Call Me Feminist

I have, after another 7 months, finally come up with the post topic that has kicked my butt into writing again. It’s time for me to reclaim my feminist self. I spent so much of my younger life standing on my soapbox for women and feminism and LGBTQ rights, for separation of church and state, and, of course, for women in religion. For god’s sake, I have an MA in religion with an emphasis in feminist theology! I have a Certificate from USC in Gender Studies! To say nothing of the actual PhD in Social Ethics. What the hell happened? Life happened, kids happened, but primarily, I think that fear happened. And as I sit at my desk and think about what it is that I want to focus on with all the information in my brain and the passion in my heart, the topic that rises to the top is feminism–in all its manifestations.

I first became involved with the feminist movement 35 years ago, and you would really think that our country (and world) would be far more enlightened than this. But, alas, I am wrong, as I have been about so many things lately, and watching us make Trump-sized steps backward into the darkness has been so disheartening.

And so, with a fire in my breast that I truly haven’t felt in over a decade (since I got the PhD maybe?), I feel like I am back and powerful and need to add my voice to the feminist community, and to the community in general. Of course my particular area is religion and ethics, so specifically, I want to help give a voice to anyone who has been put down by religion and who believes that their choices are somehow less than spiritual or unsanctioned by God (or whoever), or in some other way wrong for them because that is what they have been taught.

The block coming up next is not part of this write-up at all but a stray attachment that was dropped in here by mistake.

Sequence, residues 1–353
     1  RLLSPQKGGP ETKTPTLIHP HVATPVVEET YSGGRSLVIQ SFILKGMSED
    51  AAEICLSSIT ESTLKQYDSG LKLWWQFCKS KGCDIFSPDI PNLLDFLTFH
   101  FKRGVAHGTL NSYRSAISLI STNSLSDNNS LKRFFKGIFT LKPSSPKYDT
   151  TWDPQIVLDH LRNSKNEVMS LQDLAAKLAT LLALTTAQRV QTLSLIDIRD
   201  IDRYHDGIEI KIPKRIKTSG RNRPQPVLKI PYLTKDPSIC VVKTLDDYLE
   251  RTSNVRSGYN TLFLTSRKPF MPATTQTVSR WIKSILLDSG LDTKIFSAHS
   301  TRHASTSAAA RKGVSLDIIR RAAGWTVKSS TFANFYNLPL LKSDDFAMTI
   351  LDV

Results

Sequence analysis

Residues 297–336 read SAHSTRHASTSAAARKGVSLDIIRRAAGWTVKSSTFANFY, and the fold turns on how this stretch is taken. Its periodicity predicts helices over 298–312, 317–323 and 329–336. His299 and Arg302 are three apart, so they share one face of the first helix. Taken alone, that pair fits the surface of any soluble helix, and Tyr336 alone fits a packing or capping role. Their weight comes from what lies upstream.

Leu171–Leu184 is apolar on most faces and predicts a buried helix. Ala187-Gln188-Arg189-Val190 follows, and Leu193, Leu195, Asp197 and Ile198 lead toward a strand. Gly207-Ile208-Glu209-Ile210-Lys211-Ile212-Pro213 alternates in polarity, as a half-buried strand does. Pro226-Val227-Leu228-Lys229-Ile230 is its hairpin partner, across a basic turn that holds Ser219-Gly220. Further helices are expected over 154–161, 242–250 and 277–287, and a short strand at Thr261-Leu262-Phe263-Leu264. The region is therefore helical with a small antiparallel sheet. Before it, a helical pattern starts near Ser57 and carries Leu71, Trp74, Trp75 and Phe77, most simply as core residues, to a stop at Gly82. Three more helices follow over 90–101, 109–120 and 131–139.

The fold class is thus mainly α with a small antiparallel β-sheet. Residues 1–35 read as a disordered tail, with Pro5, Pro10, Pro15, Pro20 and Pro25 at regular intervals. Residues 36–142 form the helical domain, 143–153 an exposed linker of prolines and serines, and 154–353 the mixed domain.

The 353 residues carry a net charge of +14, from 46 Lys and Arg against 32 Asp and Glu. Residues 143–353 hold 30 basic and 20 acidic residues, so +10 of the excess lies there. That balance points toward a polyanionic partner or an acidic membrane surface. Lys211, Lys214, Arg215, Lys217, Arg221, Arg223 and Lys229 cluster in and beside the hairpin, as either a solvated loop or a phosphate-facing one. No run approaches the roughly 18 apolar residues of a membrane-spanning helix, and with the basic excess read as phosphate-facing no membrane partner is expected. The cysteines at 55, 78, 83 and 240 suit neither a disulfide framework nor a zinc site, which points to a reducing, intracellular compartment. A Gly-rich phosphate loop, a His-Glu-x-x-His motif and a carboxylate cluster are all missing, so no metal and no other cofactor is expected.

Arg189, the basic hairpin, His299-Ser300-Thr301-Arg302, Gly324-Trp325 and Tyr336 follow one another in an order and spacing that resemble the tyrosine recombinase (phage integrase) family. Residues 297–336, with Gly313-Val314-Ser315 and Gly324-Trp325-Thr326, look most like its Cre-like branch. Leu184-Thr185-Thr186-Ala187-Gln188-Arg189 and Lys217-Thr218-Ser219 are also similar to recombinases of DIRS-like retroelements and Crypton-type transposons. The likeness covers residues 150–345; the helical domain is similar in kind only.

Social ethics is about how we make our choices. The overarching question that ethicists ask is “what ought I to do” and from this question is naturally derived the question of “on what do I base my choices?” Ethics is about drawing from our moral base, whatever that may be, and applying what we believe to how we live our lives. Ethics is not about God or religion. It is about working in community and treating each other (and ourselves) with the respect that we deserve. Whether you believe that we are all creatures of God, or don’t believe in a god at all, we all deserve respect just because we live on this planet, and the space we occupy is a place of dignity simply because we are in it.

This is a difficult idea for people to hear and accept sometimes, especially people who grew up in a religious tradition that puts them down for who they are (different, woman, queer, single, whatever) rather than boosting them up because we are all inherently divine, whatever we believe. I’m climbing back on my soapbox.

So call me woman, call me queer, call me ethicist, call me crazy, call me feminist. I will answer.

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